After their 4-0 defeat by Everton in mid-April, Gary Neville launched a scathing attack on the United squad, which reverberated throughout football.
"I'm furious, to be honest with you," Neville told Sky Sports. "The fact that [Solskjaer] has had to go over and apologise for them.
"I've often said about clubs in the last seven years, if you've got weeds in the garden then you've got to get rid of them. But there is some Japanese knotweed at that football club and it is attacking the foundations of the house and needs dealing with properly."
Their struggle since Sir Alex Ferguson left remains one of the biggest stories in English football, and United are left with yet another season of transformation needed.
'Please don't shoot'
Man City 1-0 Leicester, May 6
"Don't shoot, pass the ball!" - Pep Guardiola
"I was just thinking to myself: 'Don't shoot.'" - Raheem Sterling
"I said: 'Vinny, pass me the ball!'" - Bernardo Silva
"Don't do this Vinny, please don't do this, just pass." - Oleksandr Zinchenko
"I told you not to shoot!" - Sergio Aguero
He shot. He scored. And with it he may have won the title for Manchester City.
With 20 minutes remaining, Vincent Kompany's 30-yard rocket gave City a nervy 1-0 win over Leicester on Monday, a goal which will go down as one of the most memorable, and unlikely, in Premier League history.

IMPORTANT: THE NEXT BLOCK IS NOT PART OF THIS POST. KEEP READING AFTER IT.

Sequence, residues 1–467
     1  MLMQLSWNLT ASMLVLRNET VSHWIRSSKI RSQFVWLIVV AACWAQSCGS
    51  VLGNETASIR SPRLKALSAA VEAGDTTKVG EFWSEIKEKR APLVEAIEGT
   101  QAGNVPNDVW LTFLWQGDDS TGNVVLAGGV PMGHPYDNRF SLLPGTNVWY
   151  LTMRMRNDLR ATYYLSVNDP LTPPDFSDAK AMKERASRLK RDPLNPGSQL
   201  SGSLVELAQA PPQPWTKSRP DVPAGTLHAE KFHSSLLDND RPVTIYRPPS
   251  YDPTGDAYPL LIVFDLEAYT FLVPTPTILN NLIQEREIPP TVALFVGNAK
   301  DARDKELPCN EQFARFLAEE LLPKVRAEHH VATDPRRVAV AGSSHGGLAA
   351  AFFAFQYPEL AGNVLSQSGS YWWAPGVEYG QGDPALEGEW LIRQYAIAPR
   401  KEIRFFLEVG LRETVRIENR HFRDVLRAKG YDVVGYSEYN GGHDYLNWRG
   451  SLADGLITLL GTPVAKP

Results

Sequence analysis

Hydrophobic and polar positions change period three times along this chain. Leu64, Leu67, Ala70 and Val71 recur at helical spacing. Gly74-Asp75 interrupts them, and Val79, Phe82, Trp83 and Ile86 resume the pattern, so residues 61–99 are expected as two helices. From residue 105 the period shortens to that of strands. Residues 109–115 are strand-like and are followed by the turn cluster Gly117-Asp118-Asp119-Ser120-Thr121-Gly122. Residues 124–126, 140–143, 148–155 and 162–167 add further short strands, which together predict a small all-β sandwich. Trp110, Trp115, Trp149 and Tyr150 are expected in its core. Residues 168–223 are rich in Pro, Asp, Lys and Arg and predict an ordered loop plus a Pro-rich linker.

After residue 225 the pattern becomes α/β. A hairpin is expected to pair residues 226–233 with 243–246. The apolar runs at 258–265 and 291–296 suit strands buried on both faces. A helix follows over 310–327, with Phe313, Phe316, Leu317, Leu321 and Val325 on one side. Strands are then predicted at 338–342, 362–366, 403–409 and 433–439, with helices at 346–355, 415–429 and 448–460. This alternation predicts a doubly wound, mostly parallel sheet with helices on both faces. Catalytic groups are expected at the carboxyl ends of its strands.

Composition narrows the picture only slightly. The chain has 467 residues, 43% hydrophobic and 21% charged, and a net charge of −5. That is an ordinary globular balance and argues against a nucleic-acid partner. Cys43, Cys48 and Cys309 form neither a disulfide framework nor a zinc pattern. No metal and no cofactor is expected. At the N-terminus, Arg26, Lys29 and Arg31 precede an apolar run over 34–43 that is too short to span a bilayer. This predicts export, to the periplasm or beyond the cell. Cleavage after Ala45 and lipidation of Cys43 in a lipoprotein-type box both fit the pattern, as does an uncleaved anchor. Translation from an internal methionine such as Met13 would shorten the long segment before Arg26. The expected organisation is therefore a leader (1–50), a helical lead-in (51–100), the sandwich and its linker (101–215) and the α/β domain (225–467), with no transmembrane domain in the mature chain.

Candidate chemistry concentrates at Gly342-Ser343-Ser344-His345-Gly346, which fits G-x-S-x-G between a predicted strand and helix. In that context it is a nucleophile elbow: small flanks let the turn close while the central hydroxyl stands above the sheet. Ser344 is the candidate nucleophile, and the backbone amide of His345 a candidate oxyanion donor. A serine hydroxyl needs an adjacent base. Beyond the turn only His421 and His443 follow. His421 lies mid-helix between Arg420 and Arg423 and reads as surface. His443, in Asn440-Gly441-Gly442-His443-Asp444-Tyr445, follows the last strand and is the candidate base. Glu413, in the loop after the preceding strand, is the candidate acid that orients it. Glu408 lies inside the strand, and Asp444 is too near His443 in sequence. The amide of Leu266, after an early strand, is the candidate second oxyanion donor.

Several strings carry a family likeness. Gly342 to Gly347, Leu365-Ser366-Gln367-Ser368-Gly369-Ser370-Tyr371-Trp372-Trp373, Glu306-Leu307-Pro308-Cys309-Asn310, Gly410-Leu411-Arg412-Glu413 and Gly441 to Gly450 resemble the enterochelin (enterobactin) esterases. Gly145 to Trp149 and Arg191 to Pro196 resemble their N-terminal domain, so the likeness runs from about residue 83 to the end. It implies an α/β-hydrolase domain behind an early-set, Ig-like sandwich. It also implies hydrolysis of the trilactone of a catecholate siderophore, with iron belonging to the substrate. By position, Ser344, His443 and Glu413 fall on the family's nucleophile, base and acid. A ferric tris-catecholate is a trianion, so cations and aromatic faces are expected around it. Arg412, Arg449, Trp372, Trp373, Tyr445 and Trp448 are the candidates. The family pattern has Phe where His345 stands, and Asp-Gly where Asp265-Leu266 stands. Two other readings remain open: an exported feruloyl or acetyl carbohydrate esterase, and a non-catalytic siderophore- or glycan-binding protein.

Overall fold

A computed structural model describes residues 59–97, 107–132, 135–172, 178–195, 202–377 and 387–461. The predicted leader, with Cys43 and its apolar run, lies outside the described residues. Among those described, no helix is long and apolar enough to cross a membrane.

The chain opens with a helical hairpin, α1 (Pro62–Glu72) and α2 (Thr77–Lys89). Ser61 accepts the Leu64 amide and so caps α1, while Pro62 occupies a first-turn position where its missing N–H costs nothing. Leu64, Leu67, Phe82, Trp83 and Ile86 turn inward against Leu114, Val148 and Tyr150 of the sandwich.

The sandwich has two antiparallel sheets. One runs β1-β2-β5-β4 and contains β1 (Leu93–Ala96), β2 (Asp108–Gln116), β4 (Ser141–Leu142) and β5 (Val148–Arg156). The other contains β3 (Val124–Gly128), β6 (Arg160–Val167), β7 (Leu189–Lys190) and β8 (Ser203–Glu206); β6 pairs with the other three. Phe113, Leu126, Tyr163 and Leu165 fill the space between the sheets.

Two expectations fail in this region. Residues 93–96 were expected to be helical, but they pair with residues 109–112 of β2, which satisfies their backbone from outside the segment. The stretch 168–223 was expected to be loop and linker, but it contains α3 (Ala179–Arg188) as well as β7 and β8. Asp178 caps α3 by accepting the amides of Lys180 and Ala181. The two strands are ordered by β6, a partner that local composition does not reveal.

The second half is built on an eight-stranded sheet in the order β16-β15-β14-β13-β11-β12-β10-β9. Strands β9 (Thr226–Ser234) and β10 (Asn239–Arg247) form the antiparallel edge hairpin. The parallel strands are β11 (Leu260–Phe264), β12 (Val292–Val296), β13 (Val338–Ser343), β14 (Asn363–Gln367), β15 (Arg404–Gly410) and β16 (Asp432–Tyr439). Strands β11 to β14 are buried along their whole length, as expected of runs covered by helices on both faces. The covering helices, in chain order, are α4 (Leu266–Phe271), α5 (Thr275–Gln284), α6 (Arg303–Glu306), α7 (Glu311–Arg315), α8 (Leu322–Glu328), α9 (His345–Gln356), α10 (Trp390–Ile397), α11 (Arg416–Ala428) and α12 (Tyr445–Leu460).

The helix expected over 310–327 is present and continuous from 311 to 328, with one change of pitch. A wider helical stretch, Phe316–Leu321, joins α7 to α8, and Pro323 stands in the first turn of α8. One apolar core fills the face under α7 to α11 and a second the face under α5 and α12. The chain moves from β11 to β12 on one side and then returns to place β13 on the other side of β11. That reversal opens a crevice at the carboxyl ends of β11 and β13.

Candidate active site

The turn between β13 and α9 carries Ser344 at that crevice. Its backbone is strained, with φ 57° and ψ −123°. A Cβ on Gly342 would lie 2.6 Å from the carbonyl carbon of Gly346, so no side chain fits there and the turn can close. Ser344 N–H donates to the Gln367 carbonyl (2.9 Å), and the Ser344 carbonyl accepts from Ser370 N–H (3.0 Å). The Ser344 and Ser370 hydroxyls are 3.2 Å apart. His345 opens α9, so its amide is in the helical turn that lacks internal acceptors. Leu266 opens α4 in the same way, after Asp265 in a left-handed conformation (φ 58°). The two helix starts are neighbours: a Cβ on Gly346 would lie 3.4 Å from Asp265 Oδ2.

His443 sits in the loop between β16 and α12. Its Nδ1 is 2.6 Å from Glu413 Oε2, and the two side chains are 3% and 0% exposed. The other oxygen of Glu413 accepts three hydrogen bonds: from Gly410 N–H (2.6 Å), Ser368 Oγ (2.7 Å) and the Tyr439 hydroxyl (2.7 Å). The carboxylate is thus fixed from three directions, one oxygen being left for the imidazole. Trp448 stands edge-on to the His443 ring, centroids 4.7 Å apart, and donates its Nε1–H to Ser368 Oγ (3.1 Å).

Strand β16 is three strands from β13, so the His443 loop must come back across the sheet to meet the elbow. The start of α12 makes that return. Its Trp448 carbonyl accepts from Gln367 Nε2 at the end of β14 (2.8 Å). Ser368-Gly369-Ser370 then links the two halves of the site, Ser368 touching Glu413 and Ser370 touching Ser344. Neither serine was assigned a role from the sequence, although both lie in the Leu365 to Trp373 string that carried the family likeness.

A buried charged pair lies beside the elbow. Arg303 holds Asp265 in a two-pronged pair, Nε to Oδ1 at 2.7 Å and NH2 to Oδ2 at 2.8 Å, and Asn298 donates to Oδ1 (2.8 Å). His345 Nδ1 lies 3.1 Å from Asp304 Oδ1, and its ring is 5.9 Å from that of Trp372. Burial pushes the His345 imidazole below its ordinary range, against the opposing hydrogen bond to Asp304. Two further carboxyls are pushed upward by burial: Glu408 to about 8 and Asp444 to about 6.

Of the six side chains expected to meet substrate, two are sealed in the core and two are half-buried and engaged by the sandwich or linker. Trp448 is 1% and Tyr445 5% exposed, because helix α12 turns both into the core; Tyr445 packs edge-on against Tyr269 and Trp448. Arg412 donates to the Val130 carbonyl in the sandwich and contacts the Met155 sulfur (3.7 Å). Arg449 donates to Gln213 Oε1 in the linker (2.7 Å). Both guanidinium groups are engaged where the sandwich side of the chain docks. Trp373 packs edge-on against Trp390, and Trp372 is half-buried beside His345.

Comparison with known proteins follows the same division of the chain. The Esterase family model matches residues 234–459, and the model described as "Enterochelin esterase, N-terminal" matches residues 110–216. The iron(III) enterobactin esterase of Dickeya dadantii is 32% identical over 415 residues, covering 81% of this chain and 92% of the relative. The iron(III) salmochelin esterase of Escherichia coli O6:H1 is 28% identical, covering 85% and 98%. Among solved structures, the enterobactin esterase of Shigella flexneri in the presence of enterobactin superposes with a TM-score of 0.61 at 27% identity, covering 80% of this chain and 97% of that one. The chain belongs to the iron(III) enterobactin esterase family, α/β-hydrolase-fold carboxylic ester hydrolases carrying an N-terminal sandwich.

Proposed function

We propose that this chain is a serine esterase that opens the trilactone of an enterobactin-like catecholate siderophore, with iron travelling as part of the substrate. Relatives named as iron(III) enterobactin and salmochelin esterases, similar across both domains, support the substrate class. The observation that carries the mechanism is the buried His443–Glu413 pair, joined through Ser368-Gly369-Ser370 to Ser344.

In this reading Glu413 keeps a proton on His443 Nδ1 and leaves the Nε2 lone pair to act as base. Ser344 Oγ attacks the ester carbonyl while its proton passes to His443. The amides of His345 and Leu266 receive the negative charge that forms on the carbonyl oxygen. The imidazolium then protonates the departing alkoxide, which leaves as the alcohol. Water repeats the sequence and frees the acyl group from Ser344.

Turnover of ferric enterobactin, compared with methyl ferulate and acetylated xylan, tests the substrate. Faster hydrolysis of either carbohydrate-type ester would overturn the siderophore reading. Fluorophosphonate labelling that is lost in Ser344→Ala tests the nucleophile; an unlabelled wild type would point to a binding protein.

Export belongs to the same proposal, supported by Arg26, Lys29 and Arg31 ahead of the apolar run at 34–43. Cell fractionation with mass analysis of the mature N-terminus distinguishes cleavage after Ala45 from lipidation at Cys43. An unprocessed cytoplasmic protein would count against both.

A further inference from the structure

A colossal known for his leadership from the back, this was Kompany's first shot on target from outside the penalty area since December 2013.
It was a shot born out of frustration and impatience, but more than anything, belief.
"Where do you want your statue?" bellowed Gary Neville.
The title finale
Brighton vs Man City and Liverpool vs Wolves, May 12
The odds are with City to become the first side to retain the title for a decade, but there's a feeling in the air after a week of heroics in the Premier League and Europe.
Either way, these sides must be celebrated for providing one of the most persistent title races in years; to both register well over 90 points, score nearly 200 goals between them and concede less than 50 is something we have never seen before and may never see again.
Attention now turns to the south coast and Merseyside, and it's fitting that this battle comes down to the final hour.